Wednesday, 30 August 2017

How we Approach Living More Minimally and Thrift Shopping

Last week Tharin and I were at a garage sale and there was a beautiful Moses basket for a very reasonable price which I really contemplated purchasing. In the end, I decided against the purchase for a few reasons, and I thought, in light of this dilemma, I would write about something I mentioned in my previous thrifting post: how I approach being minimalistic and thrift shopping.



We are not minimalists by any stretch, but throughout the past year of moving and packing and downsizing, I have gotten rid of many, many items from our home, and Tharin has become much more open to simplifying and purging, as well. We have experienced a lot of freedom in being able to find a place for everything in our home, and in having less to tidy up.

Allie Casazza was my initial inspiration for wanting to purge our home, though, when I first discovered this type of minimalism I never would have guessed how much I would purge in that following year. Though I would not say it is a magical cure all to having stress over my home, it has definitely helped me to feel more peaceful in my space.

With our style to living more minimally in mind, I thought it was important to talk a little bit about how I approach thrift shopping. One of the challenges of purchasing things thrift is that so many items can be found at reasonable prices making it difficult to be really discerning about purchases. After all, a three dollar purchase here and there is pretty easy to budget for, and it can be difficult to pass up a good or useful item when found inexpensively.


However, I have had to teach myself to be really conscious about these easy purchases and to really discern every item before bringing it into our home. In the example of the Moses basket, it was something I really wanted because I have seen so many beautiful pictures on Instagram with similar baskets, but when I weighed this desire against my criteria for something being a necessary purchase, I knew it was not.

Trying to live minimally seems to compliment Montessori really well, as it makes it (more) possible to prepare the environment in an orderly and beautiful way. Having less in our home, in general, makes it possible for there to be open space, a designated place for everything, and encourages that we are more careful and thoughtful about the items in our home.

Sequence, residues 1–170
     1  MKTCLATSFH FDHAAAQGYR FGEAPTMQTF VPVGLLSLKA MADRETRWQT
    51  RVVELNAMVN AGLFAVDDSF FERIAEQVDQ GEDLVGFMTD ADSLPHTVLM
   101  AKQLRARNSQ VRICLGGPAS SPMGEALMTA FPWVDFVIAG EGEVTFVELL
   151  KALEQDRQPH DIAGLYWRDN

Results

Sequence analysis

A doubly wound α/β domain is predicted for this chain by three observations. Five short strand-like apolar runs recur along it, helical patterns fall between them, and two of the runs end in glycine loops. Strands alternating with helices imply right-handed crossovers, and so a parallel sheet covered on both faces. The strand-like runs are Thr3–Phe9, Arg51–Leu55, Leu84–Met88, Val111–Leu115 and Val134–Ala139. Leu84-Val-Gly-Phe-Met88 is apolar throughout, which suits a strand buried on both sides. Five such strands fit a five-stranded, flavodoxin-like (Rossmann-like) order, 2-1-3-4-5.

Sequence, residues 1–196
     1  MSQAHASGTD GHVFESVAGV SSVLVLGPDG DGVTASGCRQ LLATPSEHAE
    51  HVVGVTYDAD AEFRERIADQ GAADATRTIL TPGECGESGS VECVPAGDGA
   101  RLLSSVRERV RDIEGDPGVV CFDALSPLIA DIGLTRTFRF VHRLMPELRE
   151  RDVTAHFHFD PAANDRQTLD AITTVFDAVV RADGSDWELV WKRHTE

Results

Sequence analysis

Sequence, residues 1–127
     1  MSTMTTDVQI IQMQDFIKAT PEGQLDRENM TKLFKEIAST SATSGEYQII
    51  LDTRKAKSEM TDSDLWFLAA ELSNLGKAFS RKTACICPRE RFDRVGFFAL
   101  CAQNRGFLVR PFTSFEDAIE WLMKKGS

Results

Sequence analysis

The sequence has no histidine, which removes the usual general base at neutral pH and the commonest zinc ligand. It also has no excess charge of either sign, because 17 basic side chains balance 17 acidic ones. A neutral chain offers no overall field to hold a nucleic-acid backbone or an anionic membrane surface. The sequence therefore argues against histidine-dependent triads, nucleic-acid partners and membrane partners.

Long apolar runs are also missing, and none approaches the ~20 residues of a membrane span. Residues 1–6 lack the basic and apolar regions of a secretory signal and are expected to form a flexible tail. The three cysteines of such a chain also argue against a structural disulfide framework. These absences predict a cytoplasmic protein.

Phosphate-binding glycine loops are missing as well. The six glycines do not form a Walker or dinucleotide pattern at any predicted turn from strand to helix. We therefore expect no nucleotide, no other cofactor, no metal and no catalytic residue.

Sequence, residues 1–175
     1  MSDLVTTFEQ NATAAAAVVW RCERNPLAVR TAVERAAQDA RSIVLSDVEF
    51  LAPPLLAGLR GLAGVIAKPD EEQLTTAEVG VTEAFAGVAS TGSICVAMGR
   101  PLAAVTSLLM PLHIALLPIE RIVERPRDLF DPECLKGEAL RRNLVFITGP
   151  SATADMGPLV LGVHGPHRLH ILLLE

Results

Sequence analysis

I am a firm believer in how thrift shopping and Montessori coincide because of how expensive it can be to try and implement this ideology. There are many items, specific to Montessori, which would be very difficult to purchase thrift, but things like baskets, carpets, glass dishes, trays, puzzles, wooden toys, and practical life items are replete in thrift stores, and I truly feel that if you are diligent and patient, you need spend very little to make your home Montessori-friendly. Again, as with all things thrift, it is important to be very thoughtful about what we purchase, as it is really not necessary to have all the items we may believe are needed. (In the spirit of full-disclosure, I know I still struggle with this, as I have a ridiculously hard time passing up baskets and children's books.)

For these reasons, I have found it important, and very beneficial, to find a way to balance both minimalism and thrift shopping in our Montessori journey.


If you are wondering what my criteria were for the Moses basket, in particular, some of my reasoning was: we already have a basket, the one Tharin's mother used for her children, and I can always use it if I so desire. However, in trying to fully embrace Montessori, I know I will have to reshape the way I approach infanthood and will be doing many things differently with this baby. I read a really awesome post on the Montessori newborn the other day, and know I want to consciously limit the amount of time I contain my newborns. Tharin will be building a co-sleeper for this baby for our bedroom, and my plan is to have a movement area with a baby quilt and mobile hanger set up in our main living area so that the baby will have freedom of movement from birth.


Not specific to the Moses basket, I also try not to have collections, as we have a tendency to collect more than we need with this mentality, and I always try to foresee if an item will be truly useful, or if it will often be stored. I believe the items in our homes should be beautiful to us, as well as purposeful, and that, if possible, they should perform more than one function. I am extremely strict about the size of items we bring into our home, how long they would be useful to us, and how easy and how often it would need to be stored. In the example of the Moses basket, I knew I likely would have found myself wanting to get rid of it or sell it in lieu of trying to find a way to store it efficiently.

Lastly, just because something is inexpensive does not mean it is worth making a place in our homes for, especially if there is a chance it will be something we get rid of once again. I make purchases (and purge) with the mentality that I am not a slave to my home and my possessions, and try to keep my home as open and free of clutter as I can, even the closets and storage spaces that are not visible.





1 comment:

  1. I loved this post! Especially the criteria for things you buy at the bottom!

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